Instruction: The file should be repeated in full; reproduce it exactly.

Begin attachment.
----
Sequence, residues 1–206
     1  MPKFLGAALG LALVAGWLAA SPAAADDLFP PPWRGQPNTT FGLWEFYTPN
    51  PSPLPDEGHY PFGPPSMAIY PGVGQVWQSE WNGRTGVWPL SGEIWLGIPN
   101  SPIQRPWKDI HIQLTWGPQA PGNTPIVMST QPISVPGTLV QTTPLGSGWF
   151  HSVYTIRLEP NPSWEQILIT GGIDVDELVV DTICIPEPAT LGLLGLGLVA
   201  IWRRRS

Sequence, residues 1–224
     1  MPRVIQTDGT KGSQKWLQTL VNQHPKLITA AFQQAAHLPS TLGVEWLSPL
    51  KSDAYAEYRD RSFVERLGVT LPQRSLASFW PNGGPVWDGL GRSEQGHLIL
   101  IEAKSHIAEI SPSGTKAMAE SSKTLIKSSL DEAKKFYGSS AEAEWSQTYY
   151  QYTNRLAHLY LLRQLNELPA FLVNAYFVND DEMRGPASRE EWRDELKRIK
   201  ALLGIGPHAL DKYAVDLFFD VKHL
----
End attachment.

Sequence, residues 1–206
     1  MPKFLGAALG LALVAGWLAA SPAAADDLFP PPWRGQPNTT FGLWEFYTPN
    51  PSPLPDEGHY PFGPPSMAIY PGVGQVWQSE WNGRTGVWPL SGEIWLGIPN
   101  SPIQRPWKDI HIQLTWGPQA PGNTPIVMST QPISVPGTLV QTTPLGSGWF
   151  HSVYTIRLEP NPSWEQILIT GGIDVDELVV DTICIPEPAT LGLLGLGLVA
   201  IWRRRS

Sequence, residues 1–224
     1  MPRVIQTDGT KGSQKWLQTL VNQHPKLITA AFQQAAHLPS TLGVEWLSPL
    51  KSDAYAEYRD RSFVERLGVT LPQRSLASFW PNGGPVWDGL GRSEQGHLIL
   101  IEAKSHIAEI SPSGTKAMAE SSKTLIKSSL DEAKKFYGSS AEAEWSQTYY
   151  QYTNRLAHLY LLRQLNELPA FLVNAYFVND DEMRGPASRE EWRDELKRIK
   201  ALLGIGPHAL DKYAVDLFFD VKHL